Andrew Samwick’s Good Point About Health Insurance

In a recent post over at Capital Gains and Games, Andrew Samwick makes an important point about the debate over health insurance reform. As Andrew notes, many proponents of a public plan (aka public option aka government-run plan) blame the quest for profits for the ills they see in the private health insurance market.

This is one of those claims that is both true and false. What’s true, again echoing Andrew, is that the search for profits can lead to bad outcomes (e.g., efforts to cover the healthy while avoiding the sick) in our current system. That’s because we haven’t adequately addressed some key problems — most notably adverse selection — that arise in health insurance markets.

But that fact does not, of itself, demonstrate that the profit motive is itself the problem. If we can establish rules of the road that limit adverse selection (e.g., by prohibiting exclusions for pre-existing conditions), we may be able to direct the profit motive in the direction we want: finding ways to deliver greater value (i.e., better service and lower costs) to Americans with health insurance.

In Andrew’s words:

The solution to the problems in our health care sector is to make it look more like the retail sector or any other sector in which being voracious and profit-driven drives down costs.  The problems of adverse selection and moral hazard in insurance markets are well known — they are what stands in the way of extending the benefits of competition to health care.  Addressing them should be the central features of the reform, with a risk-adjustment mechanism to address the former and high-deductible plans to address the latter.  All of this discussion of Medicare-for-all in a public option is at best premature, since we have not seen whether a competitive, private system can function under the right form of regulation.

To drive this point home, let me offer the following (admittedly imperfect) analogy: it turns out that the profit motive causes thousands of companies to emit millions upon millions of tons of carbon dioxide and other pollutants. That’s a bad thing. But it doesn’t imply that the solution is a “public option” for electricity production and gasoline refining. The right response is to establish rules that address the market failure — in this case the pollution — and then let the firms do their thing.

That’s what we should do with health insurance.

8 thoughts on “Andrew Samwick’s Good Point About Health Insurance”

  1. If you prohibit exclusions for pre-existing conditions, how do you prevent customers from milking the system? If there is no exclusion for pre-existing conditions, why should I purchase health insurance before my doctor uncovers a serious illness? If I am in reasonably good health, it would be much cheaper to pay for an annual checkup and infrequent office visits out of pocket until I discover I have a serious illness. Then I scurry down to my nearest insurance company office and sign up for a “Cadillac” plan that will cover me until my illness is cured, at which time i drop my insurance again.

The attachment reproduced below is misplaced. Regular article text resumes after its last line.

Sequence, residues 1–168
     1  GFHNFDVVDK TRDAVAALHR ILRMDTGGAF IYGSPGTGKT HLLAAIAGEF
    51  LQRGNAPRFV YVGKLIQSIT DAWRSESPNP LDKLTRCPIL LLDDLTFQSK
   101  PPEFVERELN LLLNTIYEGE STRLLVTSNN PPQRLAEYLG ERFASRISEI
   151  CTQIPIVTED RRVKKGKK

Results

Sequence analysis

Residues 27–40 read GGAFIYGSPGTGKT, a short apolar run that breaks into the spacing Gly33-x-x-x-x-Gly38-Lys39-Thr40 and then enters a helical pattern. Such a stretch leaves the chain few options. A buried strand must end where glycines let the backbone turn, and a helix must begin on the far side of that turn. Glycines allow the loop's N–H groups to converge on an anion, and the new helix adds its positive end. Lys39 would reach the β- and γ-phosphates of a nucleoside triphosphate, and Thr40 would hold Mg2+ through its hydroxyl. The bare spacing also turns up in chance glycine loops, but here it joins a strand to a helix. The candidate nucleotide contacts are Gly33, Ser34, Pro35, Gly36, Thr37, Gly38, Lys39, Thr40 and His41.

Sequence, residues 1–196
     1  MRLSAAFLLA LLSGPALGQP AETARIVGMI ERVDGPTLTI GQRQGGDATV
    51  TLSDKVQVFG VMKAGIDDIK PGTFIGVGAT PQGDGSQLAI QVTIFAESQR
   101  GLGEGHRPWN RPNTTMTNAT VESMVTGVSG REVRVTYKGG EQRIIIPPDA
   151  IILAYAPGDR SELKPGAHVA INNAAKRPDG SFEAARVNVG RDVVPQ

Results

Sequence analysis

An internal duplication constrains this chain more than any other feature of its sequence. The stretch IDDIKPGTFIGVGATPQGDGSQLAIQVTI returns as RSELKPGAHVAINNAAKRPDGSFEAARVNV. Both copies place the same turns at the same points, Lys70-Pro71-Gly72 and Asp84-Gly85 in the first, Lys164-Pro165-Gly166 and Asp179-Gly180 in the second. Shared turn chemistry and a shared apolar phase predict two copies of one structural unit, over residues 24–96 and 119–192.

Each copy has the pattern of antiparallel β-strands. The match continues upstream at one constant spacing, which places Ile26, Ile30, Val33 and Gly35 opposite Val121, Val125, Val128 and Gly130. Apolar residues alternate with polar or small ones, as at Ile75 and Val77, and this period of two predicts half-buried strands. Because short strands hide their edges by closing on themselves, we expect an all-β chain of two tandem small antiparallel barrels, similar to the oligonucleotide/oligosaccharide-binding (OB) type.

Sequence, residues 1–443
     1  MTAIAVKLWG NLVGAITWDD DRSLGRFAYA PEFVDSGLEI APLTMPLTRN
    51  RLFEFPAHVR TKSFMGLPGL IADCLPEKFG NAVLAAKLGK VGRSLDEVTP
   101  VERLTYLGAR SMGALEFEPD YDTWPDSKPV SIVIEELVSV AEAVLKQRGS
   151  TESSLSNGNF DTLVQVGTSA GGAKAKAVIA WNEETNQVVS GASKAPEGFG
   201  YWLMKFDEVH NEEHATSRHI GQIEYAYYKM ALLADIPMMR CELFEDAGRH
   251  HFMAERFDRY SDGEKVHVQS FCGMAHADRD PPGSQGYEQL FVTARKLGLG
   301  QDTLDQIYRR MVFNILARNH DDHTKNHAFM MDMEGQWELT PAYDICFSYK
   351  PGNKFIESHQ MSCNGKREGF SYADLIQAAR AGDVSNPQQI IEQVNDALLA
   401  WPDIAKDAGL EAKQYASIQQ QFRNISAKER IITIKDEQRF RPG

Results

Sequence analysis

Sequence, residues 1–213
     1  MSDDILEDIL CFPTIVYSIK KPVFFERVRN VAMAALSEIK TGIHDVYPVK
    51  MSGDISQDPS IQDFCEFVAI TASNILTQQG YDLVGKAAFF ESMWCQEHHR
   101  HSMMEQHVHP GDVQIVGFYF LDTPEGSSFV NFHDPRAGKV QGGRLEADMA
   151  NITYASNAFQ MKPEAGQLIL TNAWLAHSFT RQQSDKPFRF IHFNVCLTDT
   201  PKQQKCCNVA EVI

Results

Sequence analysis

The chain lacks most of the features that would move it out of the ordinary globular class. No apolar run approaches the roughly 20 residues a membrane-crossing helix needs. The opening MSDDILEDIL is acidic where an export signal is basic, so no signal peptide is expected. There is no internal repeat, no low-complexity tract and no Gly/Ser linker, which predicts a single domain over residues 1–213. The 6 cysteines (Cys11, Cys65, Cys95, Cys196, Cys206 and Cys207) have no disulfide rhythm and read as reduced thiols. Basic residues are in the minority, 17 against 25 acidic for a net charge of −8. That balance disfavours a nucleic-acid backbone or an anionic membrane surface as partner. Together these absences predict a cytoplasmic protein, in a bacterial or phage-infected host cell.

1. You are absolutely right. That’s why these proposals are usually paired with provisions to get people into the insurance pool. As an analytic matter, the most natural (and, judging by comments from readers, most controversial) way to do this is to include an individual mandate. One of the interestng political questions is whether Congress as the votes to both (a) reduce screening by insurance companies while (b) reducing selection by customers. We will see.

      1. You and ROA both have great points.

        But isn’t the problem here that–because tax incentives have tied insurance to employment–people lose their insurance when they lose their jobs and then can’t get covered if they have a pre-existing condition?

        Wouldn’t the solution then be to decouple insurance from employment?

        This should also increase competition and bring down prices.

  2. “All of this discussion of Medicare-for-all in a public option is at best premature, since we have not seen whether a competitive, private system can function under the right form of regulation.”

    All this discussion is “premature” only if we are holding out for a market solution for the sake of a market solution, as a matter of ideology.

    In the empirical bumblebees-can-fly world, Medicare-for-seniors has already established “greater value (i.e., better service and lower costs)” than the free market. Why cast about for some postulated jury-rigged regulatory concoction for decades in the hope of chancing upon something that works, when there’s a perfectly good, proven, time-tested, and popular solution right here in front of our noses?

    Markets fail. Deal with it.

  3. My 5-step plan:

    1. Eliminate tax incentives that tie insurance to employment (reduce taxes to compensate).

    2. Crack down on fraud.

    3. Allow competition across state lines.

    4. Lower barriers to entry.

    5. Set up an online database of insurance companies and plans where the public can compare plans and rate their experiences.

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